The Bank Term Funding Program should be able to inject enough reserves into the banking system to reduce reserve scarcity and reverse the tightening.
The Federal Reserve’s emergency loan program may inject as much as $2 trillion of funds into the US banking system and ease the liquidity crunch.
While the largest banks are unlikely to tap the program, the maximum usage envisaged for the facility is close to $2 trillion, which is the par amount of bonds held by US banks.
The US authorities set up the program earlier this month following a collapse of three lenders with the aim of preventing a firesale of sovereign debt from obtaining funding.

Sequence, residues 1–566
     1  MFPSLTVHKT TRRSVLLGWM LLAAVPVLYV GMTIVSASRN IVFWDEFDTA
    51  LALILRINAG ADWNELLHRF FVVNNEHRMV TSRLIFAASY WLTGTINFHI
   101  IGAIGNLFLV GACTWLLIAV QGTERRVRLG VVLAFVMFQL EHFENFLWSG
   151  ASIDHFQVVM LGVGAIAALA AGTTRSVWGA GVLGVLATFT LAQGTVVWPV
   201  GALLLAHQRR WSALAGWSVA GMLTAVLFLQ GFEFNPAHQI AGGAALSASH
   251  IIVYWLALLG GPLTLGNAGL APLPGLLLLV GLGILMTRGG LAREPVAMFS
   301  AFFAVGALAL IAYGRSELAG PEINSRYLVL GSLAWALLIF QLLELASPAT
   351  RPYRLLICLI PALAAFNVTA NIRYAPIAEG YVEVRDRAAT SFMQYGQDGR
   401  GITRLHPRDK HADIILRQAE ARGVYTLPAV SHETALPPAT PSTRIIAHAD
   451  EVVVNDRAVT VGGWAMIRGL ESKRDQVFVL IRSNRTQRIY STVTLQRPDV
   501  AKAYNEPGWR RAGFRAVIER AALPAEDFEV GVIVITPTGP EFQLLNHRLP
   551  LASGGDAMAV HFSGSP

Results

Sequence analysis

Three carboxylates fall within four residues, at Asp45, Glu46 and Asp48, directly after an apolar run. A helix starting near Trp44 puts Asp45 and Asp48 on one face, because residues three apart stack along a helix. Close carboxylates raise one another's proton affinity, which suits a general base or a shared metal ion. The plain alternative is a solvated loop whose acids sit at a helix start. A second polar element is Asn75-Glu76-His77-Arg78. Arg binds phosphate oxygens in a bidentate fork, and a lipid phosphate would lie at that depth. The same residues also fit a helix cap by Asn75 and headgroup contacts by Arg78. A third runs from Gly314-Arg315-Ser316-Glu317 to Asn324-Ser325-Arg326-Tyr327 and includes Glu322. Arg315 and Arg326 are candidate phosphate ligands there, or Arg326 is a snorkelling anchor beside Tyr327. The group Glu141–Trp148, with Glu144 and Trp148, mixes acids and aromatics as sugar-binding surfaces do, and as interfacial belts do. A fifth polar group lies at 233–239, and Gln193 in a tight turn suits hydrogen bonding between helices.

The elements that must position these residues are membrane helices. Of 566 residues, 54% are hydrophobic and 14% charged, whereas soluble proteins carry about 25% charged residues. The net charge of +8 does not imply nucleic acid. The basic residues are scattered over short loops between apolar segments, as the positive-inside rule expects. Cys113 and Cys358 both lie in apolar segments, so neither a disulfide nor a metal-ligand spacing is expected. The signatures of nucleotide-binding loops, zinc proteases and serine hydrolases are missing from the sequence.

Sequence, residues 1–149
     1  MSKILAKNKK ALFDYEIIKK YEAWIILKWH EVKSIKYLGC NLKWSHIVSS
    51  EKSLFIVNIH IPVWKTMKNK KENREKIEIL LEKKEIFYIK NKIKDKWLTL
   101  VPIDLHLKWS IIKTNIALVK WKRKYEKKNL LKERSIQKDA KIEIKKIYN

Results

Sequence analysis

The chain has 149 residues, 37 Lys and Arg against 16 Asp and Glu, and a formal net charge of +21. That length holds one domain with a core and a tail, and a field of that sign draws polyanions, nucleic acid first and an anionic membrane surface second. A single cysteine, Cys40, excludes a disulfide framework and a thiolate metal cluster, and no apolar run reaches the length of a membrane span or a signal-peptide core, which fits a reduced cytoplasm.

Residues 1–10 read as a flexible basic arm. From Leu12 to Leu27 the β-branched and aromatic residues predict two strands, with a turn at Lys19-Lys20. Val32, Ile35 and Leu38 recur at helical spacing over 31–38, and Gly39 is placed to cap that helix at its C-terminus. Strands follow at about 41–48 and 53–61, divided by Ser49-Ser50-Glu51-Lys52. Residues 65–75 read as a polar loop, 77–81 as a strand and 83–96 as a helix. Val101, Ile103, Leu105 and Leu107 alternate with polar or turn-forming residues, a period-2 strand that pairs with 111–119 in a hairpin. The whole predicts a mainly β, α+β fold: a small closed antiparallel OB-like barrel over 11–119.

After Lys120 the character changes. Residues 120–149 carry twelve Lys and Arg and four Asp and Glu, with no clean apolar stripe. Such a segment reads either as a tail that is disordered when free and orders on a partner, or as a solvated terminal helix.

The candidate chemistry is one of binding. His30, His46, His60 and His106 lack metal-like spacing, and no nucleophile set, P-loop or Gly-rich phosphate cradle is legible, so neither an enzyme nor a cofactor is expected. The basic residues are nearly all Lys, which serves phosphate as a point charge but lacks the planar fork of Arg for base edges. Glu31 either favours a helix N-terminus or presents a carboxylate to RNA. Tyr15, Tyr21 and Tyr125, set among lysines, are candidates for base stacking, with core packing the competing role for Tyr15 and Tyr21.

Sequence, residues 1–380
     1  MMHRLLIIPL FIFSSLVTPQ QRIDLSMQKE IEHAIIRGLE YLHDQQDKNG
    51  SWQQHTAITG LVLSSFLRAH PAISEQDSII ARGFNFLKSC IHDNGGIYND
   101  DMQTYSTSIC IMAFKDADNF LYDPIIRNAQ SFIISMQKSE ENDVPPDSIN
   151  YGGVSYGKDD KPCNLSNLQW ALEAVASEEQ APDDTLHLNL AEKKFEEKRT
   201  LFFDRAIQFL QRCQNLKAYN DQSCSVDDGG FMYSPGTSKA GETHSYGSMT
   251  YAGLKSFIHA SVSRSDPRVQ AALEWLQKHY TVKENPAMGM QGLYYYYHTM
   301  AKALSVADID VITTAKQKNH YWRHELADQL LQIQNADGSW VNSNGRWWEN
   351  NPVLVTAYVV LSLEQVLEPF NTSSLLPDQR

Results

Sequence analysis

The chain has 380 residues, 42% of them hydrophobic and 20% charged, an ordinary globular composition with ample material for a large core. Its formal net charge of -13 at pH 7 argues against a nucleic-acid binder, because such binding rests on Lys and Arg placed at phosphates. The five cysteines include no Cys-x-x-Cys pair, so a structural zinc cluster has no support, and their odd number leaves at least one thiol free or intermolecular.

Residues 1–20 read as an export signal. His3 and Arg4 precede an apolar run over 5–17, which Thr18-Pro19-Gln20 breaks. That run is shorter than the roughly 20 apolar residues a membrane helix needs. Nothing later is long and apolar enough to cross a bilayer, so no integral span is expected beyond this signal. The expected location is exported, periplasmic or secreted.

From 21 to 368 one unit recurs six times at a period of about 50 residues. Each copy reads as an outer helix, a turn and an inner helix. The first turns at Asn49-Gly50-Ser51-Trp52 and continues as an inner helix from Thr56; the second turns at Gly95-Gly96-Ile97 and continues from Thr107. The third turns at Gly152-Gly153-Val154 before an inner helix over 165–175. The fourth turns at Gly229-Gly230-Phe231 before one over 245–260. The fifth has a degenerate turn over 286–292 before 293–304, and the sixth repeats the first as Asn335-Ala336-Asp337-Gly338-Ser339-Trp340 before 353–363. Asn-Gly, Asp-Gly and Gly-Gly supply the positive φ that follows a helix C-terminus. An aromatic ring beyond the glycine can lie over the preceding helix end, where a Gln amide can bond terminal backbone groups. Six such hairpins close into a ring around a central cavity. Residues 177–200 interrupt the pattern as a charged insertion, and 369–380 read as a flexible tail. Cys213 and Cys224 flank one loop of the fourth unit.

While there are still $3 trillion of reserves in the US banking system, a significant proportion of that is held by the largest banks.
Tighter liquidity has been caused both by the Fed’s quantitative tightening and the rate hikes that have induced a shift to money-market funds from bank deposits.
The Fed will report the use of the program on an aggregate basis every week when releasing data on its balance sheet, the central bank said in a statement this week.